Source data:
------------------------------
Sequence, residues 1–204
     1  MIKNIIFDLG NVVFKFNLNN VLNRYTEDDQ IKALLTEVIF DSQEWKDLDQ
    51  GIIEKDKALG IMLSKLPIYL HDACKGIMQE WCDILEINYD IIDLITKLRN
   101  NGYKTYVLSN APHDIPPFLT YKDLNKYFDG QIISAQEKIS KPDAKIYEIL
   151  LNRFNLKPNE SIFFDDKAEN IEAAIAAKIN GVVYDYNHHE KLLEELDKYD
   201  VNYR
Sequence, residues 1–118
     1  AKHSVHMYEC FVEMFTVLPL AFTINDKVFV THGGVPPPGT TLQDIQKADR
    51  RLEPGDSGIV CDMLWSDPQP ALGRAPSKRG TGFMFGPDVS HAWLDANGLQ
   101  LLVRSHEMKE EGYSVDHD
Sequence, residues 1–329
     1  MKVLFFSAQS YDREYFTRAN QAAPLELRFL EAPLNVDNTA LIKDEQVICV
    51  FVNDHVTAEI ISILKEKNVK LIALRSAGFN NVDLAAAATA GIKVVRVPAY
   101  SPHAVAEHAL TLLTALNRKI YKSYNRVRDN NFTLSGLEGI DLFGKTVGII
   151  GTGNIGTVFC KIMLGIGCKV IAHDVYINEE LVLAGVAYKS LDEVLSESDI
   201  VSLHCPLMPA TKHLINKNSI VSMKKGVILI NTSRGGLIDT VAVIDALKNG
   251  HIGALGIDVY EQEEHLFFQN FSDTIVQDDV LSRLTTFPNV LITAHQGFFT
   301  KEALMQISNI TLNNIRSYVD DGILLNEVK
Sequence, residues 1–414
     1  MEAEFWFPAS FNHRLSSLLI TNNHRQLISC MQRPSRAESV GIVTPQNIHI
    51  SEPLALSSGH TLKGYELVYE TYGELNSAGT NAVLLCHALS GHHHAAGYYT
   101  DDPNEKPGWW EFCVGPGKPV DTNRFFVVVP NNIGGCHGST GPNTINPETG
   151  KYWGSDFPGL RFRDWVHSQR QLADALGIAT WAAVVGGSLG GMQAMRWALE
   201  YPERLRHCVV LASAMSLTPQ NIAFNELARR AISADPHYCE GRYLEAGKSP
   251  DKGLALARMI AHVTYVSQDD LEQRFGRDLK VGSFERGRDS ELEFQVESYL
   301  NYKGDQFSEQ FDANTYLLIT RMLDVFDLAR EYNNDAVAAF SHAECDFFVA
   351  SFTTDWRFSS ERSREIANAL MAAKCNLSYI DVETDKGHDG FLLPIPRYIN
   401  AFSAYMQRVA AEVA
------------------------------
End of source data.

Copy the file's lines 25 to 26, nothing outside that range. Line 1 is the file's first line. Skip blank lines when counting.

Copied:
   251  DKGLALARMI AHVTYVSQDD LEQRFGRDLK VGSFERGRDS ELEFQVESYL
   301  NYKGDQFSEQ FDANTYLLIT RMLDVFDLAR EYNNDAVAAF SHAECDFFVA